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Your Social Media Manager is Wes Vital, an American Certified Mechanic


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You have to give the young guys of Bob Welling’s generation a lot of credit. While Detroit unleashed muscle on America, he was among the tens of thousands of guys in Vietnam as a U.S Marine. The honor they deserved took decades to become evident thanks in part to those who wouldn’t serve back then, but today real Americans honor that great sacrifice. Before he headed over for his service, a trip to the newly opened Palm Beach International Raceway in southern Florida had sealed his love for power.340” />

“The track had opened in 1965 and we went,” he recalls now. “Right away, I was awestruck at how dominant the Hemi engine was. Now I was still a Chevy guy at heart, so as soon as I got back from Vietnam, I bought a ’66 SS396 Chevelle, but within six months I had traded that in on a 1969 383 cubic-inch Road Runner. I was actually looking to replace the Chevelle from those days when the Dart came up in 2014.”

 

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As many know, the Dodge Dart‘s most vicious legacy came in 1968, when Tom Hoover and his crew at Chrysler Engineering launched their own all-out land invasion. The largest street engine available at the 1968 introduction came in the GTS, a 383 model. Later that same model year, Mr. Norm Krause had a short batch built with 440 power, but the Hemi-powered examples would be the trend setters. Created and developed with the idea of fitting exactly into the NHRA weight break for SS/B (6.00-6.49 pounds per horsepower), incomplete 383 Darts went to subcontractor Hurst Industries for modifications solely for racing. This included lightweight body parts, spartan interiors, drag-strip only drivetrains, and the final factory release of the legendary cross-ram Race Hemi. Due to the weight requirements, the engine was fairly straight forward, with a stock cam, heads, and oil pan, knowing the racers would do their own things to get them ready for action. The Hurst changes meant the cars were no longer highway legal, and a disclaimer stating this was part of the sale.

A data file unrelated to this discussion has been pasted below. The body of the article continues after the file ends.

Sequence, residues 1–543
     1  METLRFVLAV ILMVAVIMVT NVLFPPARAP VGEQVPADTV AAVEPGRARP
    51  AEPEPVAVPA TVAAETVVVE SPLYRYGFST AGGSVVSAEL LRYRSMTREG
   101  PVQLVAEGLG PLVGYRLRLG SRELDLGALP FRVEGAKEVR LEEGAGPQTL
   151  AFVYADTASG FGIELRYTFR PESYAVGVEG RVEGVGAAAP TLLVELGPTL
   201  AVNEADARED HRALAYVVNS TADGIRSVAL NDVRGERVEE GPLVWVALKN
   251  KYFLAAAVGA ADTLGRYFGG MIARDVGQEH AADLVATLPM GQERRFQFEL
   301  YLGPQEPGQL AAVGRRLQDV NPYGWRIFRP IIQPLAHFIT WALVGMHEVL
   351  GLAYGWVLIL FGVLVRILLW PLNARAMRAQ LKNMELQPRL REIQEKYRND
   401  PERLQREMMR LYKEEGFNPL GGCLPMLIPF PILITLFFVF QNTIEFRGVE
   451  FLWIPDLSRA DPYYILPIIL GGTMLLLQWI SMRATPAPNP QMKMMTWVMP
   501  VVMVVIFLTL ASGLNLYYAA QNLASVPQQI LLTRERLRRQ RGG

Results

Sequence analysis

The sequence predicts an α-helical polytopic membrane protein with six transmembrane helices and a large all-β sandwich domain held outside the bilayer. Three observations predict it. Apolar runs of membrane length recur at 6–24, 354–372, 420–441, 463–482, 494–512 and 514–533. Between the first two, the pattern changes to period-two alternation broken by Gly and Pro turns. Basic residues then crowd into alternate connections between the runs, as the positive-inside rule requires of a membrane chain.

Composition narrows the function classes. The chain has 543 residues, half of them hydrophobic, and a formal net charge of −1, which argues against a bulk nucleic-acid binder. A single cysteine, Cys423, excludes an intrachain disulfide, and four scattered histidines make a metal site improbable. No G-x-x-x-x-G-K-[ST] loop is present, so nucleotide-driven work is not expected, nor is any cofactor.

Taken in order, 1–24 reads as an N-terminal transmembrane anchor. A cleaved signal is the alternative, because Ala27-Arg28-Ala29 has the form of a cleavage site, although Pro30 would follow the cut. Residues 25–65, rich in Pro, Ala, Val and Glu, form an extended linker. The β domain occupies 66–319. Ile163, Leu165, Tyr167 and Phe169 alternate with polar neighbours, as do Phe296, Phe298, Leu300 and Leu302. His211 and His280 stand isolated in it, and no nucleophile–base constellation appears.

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These 80 or so cars and a similar group of sister Barracudas dominated the highest echelons of the sport for years. Today, the originals have left their own street legacy thanks to cars like the one Bob would purchase decades later, a tribute design that featured a Hemi engine conversion. In this case, a later Mopar Performance 472 cubic-inch crate engine and some of the other changes the cars received had been added. Though the body itself was still all-steel, the turn-key car represented those glory days of Bob’s past.